Following controversy surrounding an ultrasound bill in Virginia, Pennsylvania House Republicans announced yesterday that a similar ultrasound bill will not go to the floor for a vote, although the bill has 110 co-sponsors.
Earlier this week, the Virginia Senate voted 21 to 19 to pass a bill requiring women seeking abortions to have an ultrasound. All but one Republican and two Democrats voted in favor of the bill. Because the Senate approved an amendment that was not in the original House bill, which would create an exception for women who had been raped, the bill must now return to the state House of Delegates for a vote.
Last week, the Virginia House of Delegates voted in favor of the measure after Republican Governor Bob McDonnell submitted an amendment to the bill requiring that women undergo an external, transabdominal ultrasound, as opposed to a transvaginal ultrasound, as originally stated in the bill.
Although McDonnell initially pledged his unconditional support of the transvaginal ultrasound bill, he revised his position earlier this week, saying that he would need to review the bill before signing it. The Governor claimed that he only recently learned about the invasiveness of a transvaginal ultrasound, which requires a probe being inserted into the vagina.
Media Resources: Tribune Review 3/1/12; Philadelphia Inquirer 2/29/12
10/30/2014 Medication Abortion Access Threatened by Oklahoma Court Ruling - An Oklahoma state district court judge has refused to block a state law restricting medication abortion, clearing the way for the law to go into affect on November 1.
The Oklahoma Coalition for Reproductive Justice, together with a local abortion clinic in Tulsa, challenged HB 2684 in September, arguing that the law was an unconstitutional restriction on non-surgical abortion in the earliest weeks of pregnancy. . . .
10/30/2014 UPS Switches Pregnant Worker Policy Ahead of Supreme Court Case - The United Parcel Service (UPS) is changing its policy on light duty assignments for pregnant workers, even though the company will stand by its refusal to extend accommodations to a former employee in an upcoming Supreme Court case.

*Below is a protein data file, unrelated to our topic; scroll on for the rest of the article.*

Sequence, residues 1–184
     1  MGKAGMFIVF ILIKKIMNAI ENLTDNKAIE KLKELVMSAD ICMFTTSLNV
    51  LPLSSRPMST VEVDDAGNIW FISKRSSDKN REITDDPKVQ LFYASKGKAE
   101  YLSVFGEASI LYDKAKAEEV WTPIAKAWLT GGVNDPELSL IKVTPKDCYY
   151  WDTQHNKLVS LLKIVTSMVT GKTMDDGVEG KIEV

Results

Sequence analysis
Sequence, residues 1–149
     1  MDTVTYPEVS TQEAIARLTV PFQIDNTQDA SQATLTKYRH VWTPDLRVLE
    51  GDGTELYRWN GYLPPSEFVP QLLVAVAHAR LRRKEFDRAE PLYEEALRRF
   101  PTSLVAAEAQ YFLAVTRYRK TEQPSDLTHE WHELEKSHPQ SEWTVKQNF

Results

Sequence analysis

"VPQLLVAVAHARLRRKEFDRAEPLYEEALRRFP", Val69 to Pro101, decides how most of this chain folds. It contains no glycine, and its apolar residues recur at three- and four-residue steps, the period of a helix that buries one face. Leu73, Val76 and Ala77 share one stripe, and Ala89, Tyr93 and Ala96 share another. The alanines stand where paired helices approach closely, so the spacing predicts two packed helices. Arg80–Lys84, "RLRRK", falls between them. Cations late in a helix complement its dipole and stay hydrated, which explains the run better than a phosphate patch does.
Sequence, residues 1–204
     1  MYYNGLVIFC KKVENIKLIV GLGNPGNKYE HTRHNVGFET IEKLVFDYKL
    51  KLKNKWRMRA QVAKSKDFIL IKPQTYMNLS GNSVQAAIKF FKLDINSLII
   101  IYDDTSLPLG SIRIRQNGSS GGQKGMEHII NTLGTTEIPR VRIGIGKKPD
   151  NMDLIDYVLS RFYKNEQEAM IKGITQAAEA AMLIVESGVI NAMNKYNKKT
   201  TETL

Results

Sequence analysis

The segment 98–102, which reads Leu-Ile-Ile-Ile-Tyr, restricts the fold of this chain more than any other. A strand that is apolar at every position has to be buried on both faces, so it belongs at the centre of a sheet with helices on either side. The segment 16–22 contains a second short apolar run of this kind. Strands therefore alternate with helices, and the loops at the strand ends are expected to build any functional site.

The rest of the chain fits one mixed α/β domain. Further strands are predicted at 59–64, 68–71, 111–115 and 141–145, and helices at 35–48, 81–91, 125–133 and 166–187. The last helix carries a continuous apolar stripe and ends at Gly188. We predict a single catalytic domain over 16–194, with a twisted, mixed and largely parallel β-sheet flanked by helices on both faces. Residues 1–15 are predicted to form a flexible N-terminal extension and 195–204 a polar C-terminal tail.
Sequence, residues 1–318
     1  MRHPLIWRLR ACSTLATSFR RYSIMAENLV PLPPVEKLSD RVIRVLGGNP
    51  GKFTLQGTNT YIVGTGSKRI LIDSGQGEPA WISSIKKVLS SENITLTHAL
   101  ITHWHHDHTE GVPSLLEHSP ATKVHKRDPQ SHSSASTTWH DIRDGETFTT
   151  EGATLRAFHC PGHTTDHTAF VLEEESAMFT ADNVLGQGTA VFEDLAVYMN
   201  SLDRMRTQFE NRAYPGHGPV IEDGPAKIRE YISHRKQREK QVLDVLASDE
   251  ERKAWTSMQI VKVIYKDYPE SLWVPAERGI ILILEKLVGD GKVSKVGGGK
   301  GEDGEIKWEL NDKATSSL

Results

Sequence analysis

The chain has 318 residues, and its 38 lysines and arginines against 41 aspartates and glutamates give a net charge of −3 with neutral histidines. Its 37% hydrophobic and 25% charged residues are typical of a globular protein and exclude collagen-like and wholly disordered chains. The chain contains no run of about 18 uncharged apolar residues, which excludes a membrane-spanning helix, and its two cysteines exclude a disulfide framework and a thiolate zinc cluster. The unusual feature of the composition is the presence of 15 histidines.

UPS announced on Monday in a memo to employees, and in a brief filed with the US Supreme Court, that the company will begin offering temporary, light-duty positions to pregnant workers on January 1, 2015. . . .
10/30/2014 North Dakota Medical Students Speak Out Against Measure 1 - Medical students at the University of North Dakota School of Medicine and Health Sciences are asking North Dakotans to vote no on Measure 1, a personhood measure on the state ballot this fall.
The students issued published a letter in the Grand Forks Herald stating that they opposed Measure 1 in part because they are against "the government's taking control of the personal health care decisions of its citizens." Nearly 60 UND School of Medicine students signed the letter, citing concerns over the "very broad and ambiguous language" used in the proposed amendment, which has no regard for serious and life-threatening medical situations such as ectopic pregnancies.
Measure 1 would change the North Dakota state constitution to create an "inalienable right to life" for humans "at any stage of development" - including the moment of fertilization and conception. . . .